|MadSci Network: Genetics|
There is no genetic link to explain mimicry. Organisms that mimic others do not have the same genetic source with which to create their “copy”.
Although all organisms are surprisingly similar in their DNA, the mechanism of making the copy is due to normal evolution. In many cases studied, the copy starts as a rough resemblance which gives a benefit to the organism as prey or predator. The natural selection of the “chosen one” then continues with a greater selection pressure for better and better resemblance to the model on which the mimicry is based.
As there is great difficulty in explaining how mimics can evolve certain
aspects of their patterns, I will begin with your specific example.
Orchids have built their flowers to mimic many bees and wasps, but not mantis as far as I am aware. Assuming you mean the pink orchid mantis, these are fascinating mimics, as witnessed by a plantsman who seems obsessed with the insect :
Many mantids live near flowers and resemble parts of plants in any case.
One African species even pretends to be a flower when the bush it sits on
has no flower of its own. Have a look at it here on a general insect site:
The extreme similarity between its orchid and the flower mantis has probably taken many generations longer than other mimic species. Instead of rough resemblance, the mantid is indistinguishable from the flower to a casual observer. This indicates no genetic relationship, but a long-lasting relationship where the one species survives because of the other and cannot avoid extinction without it!
Mantis shrimp are an interesting aside here, to avoid becoming stuck in a rut. They simply seem to be mantis-like, without any mimicry, but there IS a genetic link of a distant kind because the two Arthropods have front limbs which use a certain technique. This is called parallel evolution and has importance in any debate on genetic relationships.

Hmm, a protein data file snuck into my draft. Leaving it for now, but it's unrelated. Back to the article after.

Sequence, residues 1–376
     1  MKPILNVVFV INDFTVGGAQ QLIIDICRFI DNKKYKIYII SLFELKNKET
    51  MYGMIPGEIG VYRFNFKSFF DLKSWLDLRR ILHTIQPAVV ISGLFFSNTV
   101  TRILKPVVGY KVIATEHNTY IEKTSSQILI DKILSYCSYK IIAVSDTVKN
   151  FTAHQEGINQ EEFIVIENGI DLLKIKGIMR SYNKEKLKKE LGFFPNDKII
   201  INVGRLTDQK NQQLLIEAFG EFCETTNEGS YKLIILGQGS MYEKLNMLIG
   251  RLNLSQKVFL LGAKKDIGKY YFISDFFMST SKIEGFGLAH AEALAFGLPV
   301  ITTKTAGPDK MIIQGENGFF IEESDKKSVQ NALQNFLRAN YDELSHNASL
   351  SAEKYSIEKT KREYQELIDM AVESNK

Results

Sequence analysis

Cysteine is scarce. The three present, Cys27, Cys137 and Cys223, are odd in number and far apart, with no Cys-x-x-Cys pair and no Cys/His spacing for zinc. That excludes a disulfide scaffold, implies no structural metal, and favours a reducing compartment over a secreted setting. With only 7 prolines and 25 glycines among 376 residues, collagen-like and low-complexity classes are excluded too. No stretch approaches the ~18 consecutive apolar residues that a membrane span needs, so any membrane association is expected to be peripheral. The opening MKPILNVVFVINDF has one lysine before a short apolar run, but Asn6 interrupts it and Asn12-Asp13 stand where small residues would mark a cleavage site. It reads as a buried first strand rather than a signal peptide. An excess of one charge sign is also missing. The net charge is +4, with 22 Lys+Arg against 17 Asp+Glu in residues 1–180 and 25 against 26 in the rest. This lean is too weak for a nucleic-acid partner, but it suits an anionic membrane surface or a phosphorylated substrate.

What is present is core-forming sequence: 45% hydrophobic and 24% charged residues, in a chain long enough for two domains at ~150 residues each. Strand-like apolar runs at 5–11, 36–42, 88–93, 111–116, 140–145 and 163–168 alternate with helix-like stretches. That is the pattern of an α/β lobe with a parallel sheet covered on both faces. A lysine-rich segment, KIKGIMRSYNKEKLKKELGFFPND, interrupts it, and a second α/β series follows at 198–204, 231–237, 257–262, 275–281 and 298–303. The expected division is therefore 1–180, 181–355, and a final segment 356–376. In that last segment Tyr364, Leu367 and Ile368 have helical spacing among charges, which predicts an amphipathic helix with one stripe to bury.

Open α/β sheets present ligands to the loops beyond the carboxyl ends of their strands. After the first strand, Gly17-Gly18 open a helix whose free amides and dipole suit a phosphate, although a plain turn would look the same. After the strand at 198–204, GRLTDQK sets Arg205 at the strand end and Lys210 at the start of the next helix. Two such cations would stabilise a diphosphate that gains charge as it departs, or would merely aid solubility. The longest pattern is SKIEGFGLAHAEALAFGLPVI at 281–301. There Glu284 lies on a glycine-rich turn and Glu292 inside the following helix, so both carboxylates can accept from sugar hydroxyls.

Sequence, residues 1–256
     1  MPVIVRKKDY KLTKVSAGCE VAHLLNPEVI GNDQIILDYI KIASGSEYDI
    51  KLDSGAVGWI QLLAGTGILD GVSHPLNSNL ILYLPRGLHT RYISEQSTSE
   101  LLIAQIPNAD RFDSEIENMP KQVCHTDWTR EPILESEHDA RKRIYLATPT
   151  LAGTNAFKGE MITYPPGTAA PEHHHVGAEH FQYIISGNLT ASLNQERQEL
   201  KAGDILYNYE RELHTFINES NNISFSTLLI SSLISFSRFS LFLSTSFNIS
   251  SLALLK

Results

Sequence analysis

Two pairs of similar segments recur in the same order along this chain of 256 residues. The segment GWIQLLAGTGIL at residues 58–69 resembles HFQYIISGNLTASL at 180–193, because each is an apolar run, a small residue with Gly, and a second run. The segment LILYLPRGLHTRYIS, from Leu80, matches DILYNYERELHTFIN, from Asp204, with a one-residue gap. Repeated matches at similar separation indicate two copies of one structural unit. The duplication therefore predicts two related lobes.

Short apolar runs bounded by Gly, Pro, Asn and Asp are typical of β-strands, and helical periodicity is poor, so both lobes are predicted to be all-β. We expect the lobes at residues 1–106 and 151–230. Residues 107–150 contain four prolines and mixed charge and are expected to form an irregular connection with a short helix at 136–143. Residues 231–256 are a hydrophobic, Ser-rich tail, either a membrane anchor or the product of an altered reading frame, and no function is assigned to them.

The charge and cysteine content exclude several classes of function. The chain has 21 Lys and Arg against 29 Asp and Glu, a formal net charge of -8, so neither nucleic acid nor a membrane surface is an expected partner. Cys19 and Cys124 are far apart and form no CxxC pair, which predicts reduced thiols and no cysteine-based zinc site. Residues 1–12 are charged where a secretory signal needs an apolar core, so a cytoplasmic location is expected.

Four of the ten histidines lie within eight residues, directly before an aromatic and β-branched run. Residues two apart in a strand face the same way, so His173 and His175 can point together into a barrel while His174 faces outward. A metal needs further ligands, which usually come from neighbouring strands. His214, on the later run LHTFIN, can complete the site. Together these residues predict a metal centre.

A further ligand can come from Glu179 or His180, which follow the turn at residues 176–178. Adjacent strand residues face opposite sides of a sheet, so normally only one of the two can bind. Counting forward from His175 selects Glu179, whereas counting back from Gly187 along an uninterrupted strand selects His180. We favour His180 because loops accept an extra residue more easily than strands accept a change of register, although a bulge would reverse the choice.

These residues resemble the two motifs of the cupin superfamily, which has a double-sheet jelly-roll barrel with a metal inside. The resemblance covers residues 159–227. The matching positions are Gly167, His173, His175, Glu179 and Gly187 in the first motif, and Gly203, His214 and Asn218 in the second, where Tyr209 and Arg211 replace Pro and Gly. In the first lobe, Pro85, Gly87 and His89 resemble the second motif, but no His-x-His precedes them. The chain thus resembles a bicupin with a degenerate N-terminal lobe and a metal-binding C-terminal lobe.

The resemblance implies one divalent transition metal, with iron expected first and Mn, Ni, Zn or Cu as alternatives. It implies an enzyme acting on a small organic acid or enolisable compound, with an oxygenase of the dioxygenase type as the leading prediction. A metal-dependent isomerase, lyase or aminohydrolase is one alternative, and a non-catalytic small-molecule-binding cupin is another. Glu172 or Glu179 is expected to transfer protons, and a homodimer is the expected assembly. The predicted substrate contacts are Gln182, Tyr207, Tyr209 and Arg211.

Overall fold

Other mimics worth bringing to your attention are cleaner fish and their mimics. Cleaners are well known to remove parasites from larger fish just like tick birds on African mammals. The cleaner mimic is a totally unrelated species which has become closer and closer in appearance to the model cleaner. Can you imagine the big difference between the two supposed cleaners. One is harmless, but the big teeth on the mimic should give it away (but don’t). Wolfgang Wickler made a lifetime study of these fish, particularly the red snapper’s cleaner, Labroides sp. and the cleaner mimic, Aspidontus sp.
If you can find his old book,
Mimicry in Plants and Animals (transl. By RD Martin), Weidenfeld and Nicolson,1968,
you can find many mimics such as these.
For more on the naughty mimic and an recent update on its habits, read : http://www.maxieckes.com/www.maxieckes.com/My_Research_files/Cleanerscleanmimics.pdf
Well Iain, for a question that requires the answer, “No”, I feel as though I’ve gone on a bit. However, if it inspires you to look at or think about mimicry with a greater respect. Remember the French used the idea to invent the camouflage concept which has now evolved into the stealth vehicle.
Try the links in the MadSci Library for more information on Genetics.